Eating Raw Spinach For Bodybuilding: Can It Help Add Muscle?

Spinach is a superfood that is highly talked about in the bodybuilding community.  

Even when we were kids, cartoons such as Popeye attributed spinach to muscle gaining properties. 


But, is this true…

Will eating spinach help you add muscle? Although spinach doesn’t contain calories and protein, there is a component called ecdysterone, which is a natural plant steroid that can aid in muscle strength and development. Also, since spinach is high in antioxidants, it reduces inflammation, leading to better muscle recovery post-workout.

In this article, I will explore everything related to raw spinach and bodybuilding, including:

  • The calories, macros, and nutrients found in raw spinach 
  • Pros and cons of raw spinach for a bodybuilder
  • When to eat raw spinach: before or after training?
  • How raw spinach aids in muscle growth
  • Tips to include raw spinach in your diet if you are a bodybuilder

Raw Spinach For Bodybuilding: Overview

Nutritional Content of Raw Spinach

nutritional content of one cup of raw spinach 30 grams

One cup of raw spinach (30 g) has the following nutritional information.

  • Calories: 7
  • Carbs: 1.1 g
  • Fiber: 0.7 g
  • Protein: 0.8 g
  • Fats: 0.1 g


Spinach is a low-energy-dense food. This means that it has a low number of calories per serving. For example, 100 grams of quinoa has 120 kcal, while 100 g of spinach only contains 23 kcal. As you can see, you would have to eat 500 grams of spinach to have the same number of calories as 100 g of quinoa.

Those in a cutting phase benefit from low-calorie foods. They provide a lot of volume in your stomach (making you feel full), without adding too many calories. That way, you avoid getting hungry during the day even when decreasing your overall caloric intake.


Since spinach doesn’t contain many calories, it doesn’t include a lot of macronutrients either. 

In one cup of spinach, you get 1 gram of carbs. Most of these carbs come from fiber.  One cup of spinach has 2.5% of the daily recommended intake. The protein and fat content has less than 1 gram of each. Again, it doesn’t represent a significant number for a bodybuilder.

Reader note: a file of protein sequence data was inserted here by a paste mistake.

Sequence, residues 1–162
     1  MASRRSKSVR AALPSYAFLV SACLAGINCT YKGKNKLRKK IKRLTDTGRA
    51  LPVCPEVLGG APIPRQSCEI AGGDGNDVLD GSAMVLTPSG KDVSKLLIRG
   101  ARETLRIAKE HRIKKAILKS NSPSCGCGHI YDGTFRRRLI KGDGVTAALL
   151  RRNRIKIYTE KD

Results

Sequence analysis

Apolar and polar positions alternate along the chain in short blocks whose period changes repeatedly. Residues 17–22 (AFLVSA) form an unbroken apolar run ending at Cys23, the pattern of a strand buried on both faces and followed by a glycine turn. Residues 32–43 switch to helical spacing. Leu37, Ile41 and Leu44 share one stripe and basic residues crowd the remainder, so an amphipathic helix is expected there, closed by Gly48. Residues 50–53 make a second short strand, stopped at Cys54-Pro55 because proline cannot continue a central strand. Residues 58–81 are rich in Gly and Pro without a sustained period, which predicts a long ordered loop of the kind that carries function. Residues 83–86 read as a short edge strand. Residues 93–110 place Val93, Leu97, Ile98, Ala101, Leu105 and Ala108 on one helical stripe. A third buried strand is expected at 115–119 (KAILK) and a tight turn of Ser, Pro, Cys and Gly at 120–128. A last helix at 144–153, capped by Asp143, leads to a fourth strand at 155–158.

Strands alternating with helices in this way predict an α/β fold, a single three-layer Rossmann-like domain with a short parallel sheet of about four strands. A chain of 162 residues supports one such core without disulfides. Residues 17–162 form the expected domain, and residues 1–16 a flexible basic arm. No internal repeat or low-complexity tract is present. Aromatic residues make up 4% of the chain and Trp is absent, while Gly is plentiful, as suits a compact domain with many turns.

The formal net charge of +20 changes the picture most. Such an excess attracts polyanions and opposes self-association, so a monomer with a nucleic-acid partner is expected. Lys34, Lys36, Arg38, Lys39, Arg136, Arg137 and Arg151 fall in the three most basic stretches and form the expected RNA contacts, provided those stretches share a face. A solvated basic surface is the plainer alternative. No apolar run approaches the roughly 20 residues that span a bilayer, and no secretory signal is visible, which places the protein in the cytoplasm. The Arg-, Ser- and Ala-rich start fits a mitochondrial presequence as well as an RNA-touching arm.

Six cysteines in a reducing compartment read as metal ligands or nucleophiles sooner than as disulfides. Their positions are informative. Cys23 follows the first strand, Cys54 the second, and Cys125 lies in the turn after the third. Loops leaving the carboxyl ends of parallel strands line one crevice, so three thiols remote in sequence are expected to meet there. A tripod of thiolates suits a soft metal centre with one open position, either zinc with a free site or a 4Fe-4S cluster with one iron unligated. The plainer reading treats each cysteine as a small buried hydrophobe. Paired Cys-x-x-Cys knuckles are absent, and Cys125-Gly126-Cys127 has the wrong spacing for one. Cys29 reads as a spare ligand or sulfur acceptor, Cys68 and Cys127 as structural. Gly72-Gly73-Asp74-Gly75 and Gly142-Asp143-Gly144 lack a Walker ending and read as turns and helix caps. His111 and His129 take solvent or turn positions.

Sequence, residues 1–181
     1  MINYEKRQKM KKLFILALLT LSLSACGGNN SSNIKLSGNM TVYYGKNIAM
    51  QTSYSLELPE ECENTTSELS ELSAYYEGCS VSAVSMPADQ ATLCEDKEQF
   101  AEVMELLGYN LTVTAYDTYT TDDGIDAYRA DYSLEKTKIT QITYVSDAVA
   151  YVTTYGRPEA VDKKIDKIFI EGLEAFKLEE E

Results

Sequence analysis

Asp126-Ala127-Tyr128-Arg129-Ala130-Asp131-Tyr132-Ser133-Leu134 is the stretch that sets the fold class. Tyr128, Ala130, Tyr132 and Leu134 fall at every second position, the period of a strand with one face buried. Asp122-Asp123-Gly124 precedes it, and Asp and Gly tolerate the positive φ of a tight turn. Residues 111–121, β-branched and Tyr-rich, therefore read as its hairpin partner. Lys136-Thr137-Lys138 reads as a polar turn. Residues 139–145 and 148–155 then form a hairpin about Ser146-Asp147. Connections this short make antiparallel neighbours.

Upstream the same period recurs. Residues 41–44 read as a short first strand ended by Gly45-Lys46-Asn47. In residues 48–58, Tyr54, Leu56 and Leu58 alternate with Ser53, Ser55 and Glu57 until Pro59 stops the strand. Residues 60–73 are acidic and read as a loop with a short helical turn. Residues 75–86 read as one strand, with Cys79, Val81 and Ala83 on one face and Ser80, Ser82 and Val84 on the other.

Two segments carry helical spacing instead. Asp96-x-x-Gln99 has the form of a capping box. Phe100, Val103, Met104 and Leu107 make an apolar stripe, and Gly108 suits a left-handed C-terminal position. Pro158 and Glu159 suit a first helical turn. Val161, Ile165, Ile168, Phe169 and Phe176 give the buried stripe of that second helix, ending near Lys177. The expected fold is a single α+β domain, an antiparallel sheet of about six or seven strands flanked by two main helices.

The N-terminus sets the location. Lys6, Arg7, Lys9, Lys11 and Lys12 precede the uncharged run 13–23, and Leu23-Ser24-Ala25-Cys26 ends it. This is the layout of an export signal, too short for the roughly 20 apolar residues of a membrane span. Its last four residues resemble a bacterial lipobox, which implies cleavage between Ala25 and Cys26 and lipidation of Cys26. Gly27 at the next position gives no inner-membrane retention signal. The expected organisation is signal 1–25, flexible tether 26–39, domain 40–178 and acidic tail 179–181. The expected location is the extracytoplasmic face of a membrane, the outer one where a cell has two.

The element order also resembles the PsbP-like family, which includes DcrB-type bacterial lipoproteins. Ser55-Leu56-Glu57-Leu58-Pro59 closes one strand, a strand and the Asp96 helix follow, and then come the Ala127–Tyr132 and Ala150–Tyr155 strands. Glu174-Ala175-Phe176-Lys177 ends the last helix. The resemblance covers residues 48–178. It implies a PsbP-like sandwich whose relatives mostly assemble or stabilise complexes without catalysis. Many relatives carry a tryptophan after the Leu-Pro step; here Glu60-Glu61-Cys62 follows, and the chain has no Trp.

What does this mean for bodybuilders? Since spinach has less than 1 gram of each macronutrient (carb, protein, and fat), spinach is considered an “unlimited” food for bodybuilders, meaning you can eat any amount you want without having to track it toward your overall daily caloric intake.  


While spinach is low in calories and macros, it’s extremely high in micronutrients and vitamins. 

Spinach is called a superfood due to its high nutrient composition. It has almost all the nutrients that your body needs to stay healthy. 

Here are the top nutrients that spinach provides and how it aids a bodybuilder:

  • Vitamin A. It is a powerful antioxidant that helps decrease inflammation in the body. With reduced inflammation, it means that the body has better recovery. Additionally, it helps boost your immune system.
  • Vitamin K. It has a unique role in bone metabolism. With stronger bones, you are less likely to have an injury during training.
  • Folate (also known as Vitamin B9). It plays an essential part in energy production. Folate helps turn the carbs you eat into usable energy for the body. You wouldn’t be able to move without it and other vitamins from the B complex.

Check out my complete guide on best vegetables for building muscle.

Raw Spinach vs. Cooked Spinach

Whether raw or cooked, spinach has the same macronutrient composition. The difference comes when we talk about the micronutrient composition. Some nutrients are lost during cooking (like calcium, vitamin C, magnesium, and B vitamins).